That is the question Benjamin Barton examined in his empirical study. Ben wanted to provide data related to the age-old debate in law schools between those who say that productive scholars make the most effective teachers and those who disagree. His study covered 623 professors at 19 American law schools. In his study, he looked at the correlation between a person’s scores related to overall effectiveness based on four years of student evaluations and a person’s scholarly productivity, measured in a variety of different ways. He explained that while there may be some debate about whether using student evaluations to reflect a teacher’s effectiveness was the best measurement of a teacher’s performance, procedurally such evaluations were the best available data on the issue, and substantively, there were several studies suggesting a strong correlation between a person’s student evaluations and other peer evaluations. Thus, he felt that the use of student evaluations was an appropriate yardstick for a teacher’s effectiveness in the classroom. Ultimately, his study found no correlation. In other words, scholarship productivity is not related positively or negatively to teaching effectiveness. It was an answer that satisfied no one. And hence the debate continues.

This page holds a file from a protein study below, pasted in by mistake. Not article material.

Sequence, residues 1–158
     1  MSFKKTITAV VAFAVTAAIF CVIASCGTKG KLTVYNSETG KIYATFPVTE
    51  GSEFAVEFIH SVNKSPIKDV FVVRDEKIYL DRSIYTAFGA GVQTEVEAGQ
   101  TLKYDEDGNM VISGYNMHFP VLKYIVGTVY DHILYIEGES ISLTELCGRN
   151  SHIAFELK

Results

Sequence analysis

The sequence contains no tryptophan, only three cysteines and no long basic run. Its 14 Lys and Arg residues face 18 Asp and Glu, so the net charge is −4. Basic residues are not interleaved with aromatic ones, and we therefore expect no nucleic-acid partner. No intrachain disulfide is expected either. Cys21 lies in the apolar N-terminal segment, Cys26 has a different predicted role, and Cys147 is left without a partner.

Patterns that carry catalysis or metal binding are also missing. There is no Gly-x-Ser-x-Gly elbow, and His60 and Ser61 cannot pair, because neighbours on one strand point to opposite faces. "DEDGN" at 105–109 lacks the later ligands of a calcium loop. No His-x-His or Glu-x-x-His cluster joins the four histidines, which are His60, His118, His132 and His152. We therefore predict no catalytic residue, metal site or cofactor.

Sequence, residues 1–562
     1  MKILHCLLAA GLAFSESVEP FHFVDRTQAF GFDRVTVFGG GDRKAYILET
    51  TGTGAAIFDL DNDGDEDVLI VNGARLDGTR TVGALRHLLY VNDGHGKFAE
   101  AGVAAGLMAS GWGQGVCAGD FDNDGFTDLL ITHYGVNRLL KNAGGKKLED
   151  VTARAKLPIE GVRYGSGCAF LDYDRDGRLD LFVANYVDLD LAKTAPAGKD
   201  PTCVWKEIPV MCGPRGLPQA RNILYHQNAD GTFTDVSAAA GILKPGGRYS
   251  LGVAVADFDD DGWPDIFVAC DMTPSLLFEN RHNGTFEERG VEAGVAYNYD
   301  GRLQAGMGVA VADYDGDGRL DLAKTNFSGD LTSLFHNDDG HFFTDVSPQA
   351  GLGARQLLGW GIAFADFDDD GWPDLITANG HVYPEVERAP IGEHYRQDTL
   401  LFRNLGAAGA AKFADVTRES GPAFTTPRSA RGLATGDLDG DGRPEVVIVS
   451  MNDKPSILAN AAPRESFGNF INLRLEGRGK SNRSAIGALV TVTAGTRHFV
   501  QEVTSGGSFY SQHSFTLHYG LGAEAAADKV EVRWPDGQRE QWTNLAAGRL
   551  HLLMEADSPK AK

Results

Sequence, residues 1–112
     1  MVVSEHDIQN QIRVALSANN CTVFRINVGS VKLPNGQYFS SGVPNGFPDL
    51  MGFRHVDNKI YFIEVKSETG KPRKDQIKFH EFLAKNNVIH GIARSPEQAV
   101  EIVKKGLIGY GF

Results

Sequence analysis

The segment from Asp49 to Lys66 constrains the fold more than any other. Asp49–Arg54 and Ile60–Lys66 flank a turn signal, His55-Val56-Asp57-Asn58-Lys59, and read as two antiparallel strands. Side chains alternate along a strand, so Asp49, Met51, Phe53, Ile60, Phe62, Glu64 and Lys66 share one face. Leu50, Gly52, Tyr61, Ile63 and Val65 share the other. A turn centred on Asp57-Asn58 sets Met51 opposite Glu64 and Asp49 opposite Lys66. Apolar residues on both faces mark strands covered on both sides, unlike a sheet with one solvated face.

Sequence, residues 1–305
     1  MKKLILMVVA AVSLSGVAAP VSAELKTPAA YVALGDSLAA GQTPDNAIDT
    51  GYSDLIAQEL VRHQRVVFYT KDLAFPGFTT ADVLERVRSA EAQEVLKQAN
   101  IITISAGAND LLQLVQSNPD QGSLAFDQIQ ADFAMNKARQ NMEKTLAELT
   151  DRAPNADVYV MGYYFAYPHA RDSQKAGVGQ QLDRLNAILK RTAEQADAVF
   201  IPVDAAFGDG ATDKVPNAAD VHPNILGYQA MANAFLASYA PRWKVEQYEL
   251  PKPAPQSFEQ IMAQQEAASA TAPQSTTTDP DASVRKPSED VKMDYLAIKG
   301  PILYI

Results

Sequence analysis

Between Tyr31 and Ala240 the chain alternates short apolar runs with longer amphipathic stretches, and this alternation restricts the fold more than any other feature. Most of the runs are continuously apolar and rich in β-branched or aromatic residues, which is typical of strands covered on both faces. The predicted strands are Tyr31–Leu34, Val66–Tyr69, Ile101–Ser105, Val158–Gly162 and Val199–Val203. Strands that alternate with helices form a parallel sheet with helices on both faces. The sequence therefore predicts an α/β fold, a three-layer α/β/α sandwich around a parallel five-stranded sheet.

The study can be found at http://papers.ssrn.com/sol3/papers.cfm?abstract_id=913421.
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